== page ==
You know from the opening line of the film that someone's going to kark it before the end, so you can't say you haven't been warned. Before that fateful moment, however, there's sublime romance, some very silly comedy and people in Paris 1900 declaring their love by singing Elton John and Madonna songs at each other. Baz Luhrmann has never been more - ehhh - Baz Luhrmann-y than in this extravagant bout of romantic craziness, i.e. there's much visual excess and lurching from one emotion to another so sharply it risks causing motion-sickness. But when Ewan McGregor's poet tunefully informs Nicole Kidman's courtesan that 'my gift is my song and this one's for you', your heart will melt. (And if it doesn't - Oi, Tin Man, go see the Wizard.)

Beautifully Doomed Alternative - The Great Gatsby (2013)  

3. The Dysfunctional Valentine - 500 Days of Summer (2009)
In Moulin Rouge love conquered all and then death conquered love. In 500 Days, however, love is a messed-up business from the start. You're made aware from the title that Joseph Gordon-Levitt's passion for Zooey Deschanel has a sell-buy date and the film never lets you forget it, with its zipping back and forth day-wise through their time together. This relationship was always going to be messy - Summer is flighty as a butterfly and Tom is too much wedded to the notion of 'the one', so he's basically laying his own heart on the chopping-block and then appearing surprised when the axe falls. The film is much wittier and more fun than I'm making it sound, with a Woody Allen vibe and arch nods to those cool classics of the French New Wave (I'm looking at you, A Bout de Souffle). Question is - will Tom learn from his dalliance with Summer and get a little bit more real? The ending provides a hint...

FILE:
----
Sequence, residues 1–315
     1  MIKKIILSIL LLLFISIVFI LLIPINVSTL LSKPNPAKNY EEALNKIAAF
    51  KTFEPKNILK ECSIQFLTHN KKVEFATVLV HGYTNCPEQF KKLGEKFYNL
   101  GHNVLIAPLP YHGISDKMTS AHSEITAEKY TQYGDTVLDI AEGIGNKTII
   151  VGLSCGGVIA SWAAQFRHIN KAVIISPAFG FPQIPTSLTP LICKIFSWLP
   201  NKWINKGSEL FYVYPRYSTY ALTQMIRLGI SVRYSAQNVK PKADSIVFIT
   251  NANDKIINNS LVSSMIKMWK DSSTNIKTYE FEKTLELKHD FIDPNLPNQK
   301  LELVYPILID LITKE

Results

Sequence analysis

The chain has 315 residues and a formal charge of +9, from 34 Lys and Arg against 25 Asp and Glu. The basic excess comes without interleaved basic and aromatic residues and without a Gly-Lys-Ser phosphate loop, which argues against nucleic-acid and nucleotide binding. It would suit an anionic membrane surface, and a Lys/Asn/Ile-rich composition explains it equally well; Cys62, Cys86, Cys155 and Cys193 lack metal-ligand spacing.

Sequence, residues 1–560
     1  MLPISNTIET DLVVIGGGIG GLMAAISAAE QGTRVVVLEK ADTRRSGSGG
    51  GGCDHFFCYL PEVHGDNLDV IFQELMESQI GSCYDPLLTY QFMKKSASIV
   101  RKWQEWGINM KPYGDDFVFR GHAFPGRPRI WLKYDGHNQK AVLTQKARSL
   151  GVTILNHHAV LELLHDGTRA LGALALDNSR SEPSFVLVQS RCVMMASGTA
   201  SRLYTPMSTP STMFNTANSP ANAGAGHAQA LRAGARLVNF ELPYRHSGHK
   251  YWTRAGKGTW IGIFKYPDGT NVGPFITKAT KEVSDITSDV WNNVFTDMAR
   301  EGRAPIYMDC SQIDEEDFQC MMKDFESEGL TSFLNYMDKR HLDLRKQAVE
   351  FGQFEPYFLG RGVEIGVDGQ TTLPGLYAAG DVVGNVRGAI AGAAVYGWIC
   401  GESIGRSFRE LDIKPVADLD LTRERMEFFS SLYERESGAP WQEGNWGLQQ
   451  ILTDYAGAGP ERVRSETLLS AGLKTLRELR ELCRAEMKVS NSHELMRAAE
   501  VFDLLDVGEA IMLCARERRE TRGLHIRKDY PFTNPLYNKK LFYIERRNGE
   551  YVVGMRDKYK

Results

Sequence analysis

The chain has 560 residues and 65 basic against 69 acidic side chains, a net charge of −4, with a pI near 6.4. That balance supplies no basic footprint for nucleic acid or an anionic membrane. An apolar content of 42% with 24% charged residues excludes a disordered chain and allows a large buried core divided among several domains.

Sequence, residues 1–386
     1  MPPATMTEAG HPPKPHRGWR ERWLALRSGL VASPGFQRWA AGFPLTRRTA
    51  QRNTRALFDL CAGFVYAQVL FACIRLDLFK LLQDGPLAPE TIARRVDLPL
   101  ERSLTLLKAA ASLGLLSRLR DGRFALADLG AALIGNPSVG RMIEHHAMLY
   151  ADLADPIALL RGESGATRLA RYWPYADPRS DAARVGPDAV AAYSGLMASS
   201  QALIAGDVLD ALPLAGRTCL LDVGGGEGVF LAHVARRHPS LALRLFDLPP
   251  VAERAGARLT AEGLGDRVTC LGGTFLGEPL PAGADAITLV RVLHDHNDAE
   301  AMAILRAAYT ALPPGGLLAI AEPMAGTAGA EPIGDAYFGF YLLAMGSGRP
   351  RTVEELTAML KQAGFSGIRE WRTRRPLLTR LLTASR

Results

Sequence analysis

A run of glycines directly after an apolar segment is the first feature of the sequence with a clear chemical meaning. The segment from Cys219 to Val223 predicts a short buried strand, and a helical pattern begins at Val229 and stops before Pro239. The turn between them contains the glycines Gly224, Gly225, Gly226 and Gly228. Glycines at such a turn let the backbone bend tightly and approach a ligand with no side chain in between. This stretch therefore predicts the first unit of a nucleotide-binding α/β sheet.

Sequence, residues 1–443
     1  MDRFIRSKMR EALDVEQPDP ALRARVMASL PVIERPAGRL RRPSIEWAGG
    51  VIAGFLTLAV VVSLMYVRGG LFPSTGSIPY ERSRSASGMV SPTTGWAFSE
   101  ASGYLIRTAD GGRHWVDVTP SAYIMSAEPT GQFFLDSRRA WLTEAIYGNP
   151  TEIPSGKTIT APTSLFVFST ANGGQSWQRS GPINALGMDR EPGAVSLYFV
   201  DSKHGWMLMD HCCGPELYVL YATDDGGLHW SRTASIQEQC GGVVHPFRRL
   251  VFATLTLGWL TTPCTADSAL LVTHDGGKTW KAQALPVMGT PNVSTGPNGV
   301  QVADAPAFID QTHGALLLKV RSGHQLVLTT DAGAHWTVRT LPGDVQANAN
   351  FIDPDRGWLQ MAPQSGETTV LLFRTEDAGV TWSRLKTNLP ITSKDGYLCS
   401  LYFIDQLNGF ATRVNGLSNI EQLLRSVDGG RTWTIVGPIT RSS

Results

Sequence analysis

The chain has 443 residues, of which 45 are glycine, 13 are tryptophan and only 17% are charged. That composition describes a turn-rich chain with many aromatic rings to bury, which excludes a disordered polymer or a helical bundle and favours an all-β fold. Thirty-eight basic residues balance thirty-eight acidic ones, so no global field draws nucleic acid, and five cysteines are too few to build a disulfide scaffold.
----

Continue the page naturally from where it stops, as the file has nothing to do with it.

Dysfunctional Alternative - Blue Valentine (2010)  WARNING: While undeniably well-made-and-acted, this one should never be watched while you're feeling romantically bruised. It's bleak with a capital B, L, E, A and K.

4. The Sexy Valentine - Secretary (2002)